Boss Told Worker with Heart Condition Not to Die at His Desk
Company refused to reduce staffer’s hours after heart surgery
Reducing stress is often the first piece of advice that doctors give patients
who are dealing with heart conditions.
However, sometimes supervisors who are under pressure to meet deadlines
and quotas may have very little sympathy for workers’ stress reduction
plans. In those cases, workers may feel that they have to choose between
following their doctor’s orders or their supervisor’s.
The question is, what recourse do employees have when their employer refuses
to honor their doctor’s work instructions? Let’s take a look
at a recent case for some insight.
Overtime no matter what
Terry Baier was used to working long hours in his job as a car saleman.
Over several years he worked his way up through the ranks, eventually
earning the position of General Sales Manager of Oak Brook Toyota.
However, one day Baier was forced to realize that he couldn’t keep
up the pace any longer. He began having chest pains and was rushed to
the hospital for emergency open-heart surgery.
Baier took a total of 12 weeks off under the Family and Medical Leave Act.
When he went back to work, he brought in a doctor’s note stating
that he could only work for a total of 40 hours per week. The supervisor
ignored the instructions and repeatedly scheduled Baier for 11-hour shifts,
often for six days a week. Baier complained but his supervisor wouldn’t
relent. “That’s your job,” the supervisor allegedly
said to Bair. He also repeatedly hounded Baier about when he’d be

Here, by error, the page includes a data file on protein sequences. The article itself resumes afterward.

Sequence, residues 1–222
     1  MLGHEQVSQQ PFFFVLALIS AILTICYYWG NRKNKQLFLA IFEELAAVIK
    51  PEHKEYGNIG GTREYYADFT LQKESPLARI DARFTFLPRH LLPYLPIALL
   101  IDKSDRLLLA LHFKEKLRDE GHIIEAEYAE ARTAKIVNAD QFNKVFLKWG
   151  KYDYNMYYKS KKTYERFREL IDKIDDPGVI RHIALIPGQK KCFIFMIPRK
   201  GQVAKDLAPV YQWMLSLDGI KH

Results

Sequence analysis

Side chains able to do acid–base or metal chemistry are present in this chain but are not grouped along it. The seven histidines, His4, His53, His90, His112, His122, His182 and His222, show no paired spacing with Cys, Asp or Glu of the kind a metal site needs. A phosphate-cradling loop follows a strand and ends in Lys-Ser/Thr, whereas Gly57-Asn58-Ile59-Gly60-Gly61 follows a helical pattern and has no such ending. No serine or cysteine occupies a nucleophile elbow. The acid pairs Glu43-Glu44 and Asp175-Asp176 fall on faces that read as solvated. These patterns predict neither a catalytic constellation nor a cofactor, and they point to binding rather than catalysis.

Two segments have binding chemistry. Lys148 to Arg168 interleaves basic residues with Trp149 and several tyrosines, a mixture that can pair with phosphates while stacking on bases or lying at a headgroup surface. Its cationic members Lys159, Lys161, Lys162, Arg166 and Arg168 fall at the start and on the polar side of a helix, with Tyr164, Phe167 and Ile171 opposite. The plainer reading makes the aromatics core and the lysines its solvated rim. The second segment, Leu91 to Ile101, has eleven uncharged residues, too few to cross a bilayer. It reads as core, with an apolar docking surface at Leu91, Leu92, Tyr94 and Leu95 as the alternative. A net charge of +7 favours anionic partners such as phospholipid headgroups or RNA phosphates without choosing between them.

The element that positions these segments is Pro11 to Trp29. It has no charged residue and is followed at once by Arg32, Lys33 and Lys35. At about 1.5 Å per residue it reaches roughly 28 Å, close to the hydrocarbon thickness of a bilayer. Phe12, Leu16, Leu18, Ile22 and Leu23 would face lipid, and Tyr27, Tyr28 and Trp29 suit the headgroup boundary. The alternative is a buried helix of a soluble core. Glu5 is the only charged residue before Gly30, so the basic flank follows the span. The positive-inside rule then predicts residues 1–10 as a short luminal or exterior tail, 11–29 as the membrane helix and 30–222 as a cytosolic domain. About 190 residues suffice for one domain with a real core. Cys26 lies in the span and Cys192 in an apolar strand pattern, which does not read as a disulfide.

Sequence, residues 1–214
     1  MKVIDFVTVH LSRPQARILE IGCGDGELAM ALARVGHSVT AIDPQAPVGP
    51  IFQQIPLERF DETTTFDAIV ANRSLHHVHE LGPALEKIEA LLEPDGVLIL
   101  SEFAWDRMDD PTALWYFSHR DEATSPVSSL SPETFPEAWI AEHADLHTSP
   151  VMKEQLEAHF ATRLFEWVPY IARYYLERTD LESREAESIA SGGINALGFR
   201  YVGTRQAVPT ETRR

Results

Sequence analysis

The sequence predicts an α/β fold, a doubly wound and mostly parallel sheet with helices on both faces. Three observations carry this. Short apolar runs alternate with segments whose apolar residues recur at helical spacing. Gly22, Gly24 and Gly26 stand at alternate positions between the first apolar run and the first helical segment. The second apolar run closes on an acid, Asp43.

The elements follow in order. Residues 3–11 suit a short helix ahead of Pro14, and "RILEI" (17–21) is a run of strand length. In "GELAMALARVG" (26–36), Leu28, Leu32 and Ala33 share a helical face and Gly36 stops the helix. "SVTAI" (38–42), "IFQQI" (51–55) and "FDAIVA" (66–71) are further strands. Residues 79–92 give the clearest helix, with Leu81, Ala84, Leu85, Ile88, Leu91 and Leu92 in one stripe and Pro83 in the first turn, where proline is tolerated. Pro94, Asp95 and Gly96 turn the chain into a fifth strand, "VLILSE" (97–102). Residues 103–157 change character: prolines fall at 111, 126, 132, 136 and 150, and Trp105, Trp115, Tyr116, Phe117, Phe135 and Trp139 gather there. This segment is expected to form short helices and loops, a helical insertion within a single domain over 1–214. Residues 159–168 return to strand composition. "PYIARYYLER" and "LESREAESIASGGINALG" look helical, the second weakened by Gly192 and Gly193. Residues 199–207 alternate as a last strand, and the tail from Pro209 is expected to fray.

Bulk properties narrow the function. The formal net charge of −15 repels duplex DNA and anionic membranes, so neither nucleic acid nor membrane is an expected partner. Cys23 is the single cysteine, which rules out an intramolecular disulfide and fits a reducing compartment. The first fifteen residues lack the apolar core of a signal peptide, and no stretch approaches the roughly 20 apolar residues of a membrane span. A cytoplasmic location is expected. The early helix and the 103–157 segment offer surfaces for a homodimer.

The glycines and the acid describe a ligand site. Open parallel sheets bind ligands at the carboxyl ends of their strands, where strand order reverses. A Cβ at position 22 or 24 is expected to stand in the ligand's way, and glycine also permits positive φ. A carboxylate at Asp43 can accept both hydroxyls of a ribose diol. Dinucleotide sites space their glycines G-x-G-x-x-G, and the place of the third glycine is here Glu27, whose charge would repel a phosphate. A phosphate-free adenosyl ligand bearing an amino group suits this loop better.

“back to 100%.”
Another supervisor warned Baier not to die at his desk. He told Baier that
if he did, they’d drag his body outside to a ditch near the road.
The same man was also overheard complaining that “There was no F-ing
way that Terry Baier was going to drop dead on [my] watch at Oak Brook
Not long after that, company owner heard Baier use profanity in front of
a new employee. He threatened to demote Baier over the incident.
Baier was fired the next day.
Retaliation over restrictions
Baier contacted a lawyer. He sued the company, claiming that the company
violated both the FMLA and the Americans with Disabilities Act. He alleged
that he’d been fired in retaliation for using FMLA leave and for
requesting intermittent leave to work a reduced schedule. He pointed out
that he’d never had a disciplinary issue prior to his heart incident.
The company attempted to have the case thrown out, but the court refused.
A jury ruled in Baier’s favor. He was awarded $2.1 million dollars,
including $1.5 million for punitive damages. The court later reduced Baier’s
total award to $1.3 million.
(For more information on this case, see Baier v. Rohr-Mont Motors, Inc.)
What it means to you
It’s important to know that you don’t have to put up with unlawful
retaliation after taking medical leave or requesting job accommodations.
If you feel that you haven’t been treated in accordance with the
law, it’s a good idea to speak to an attorney.
Call or email us today to discuss your unique situation.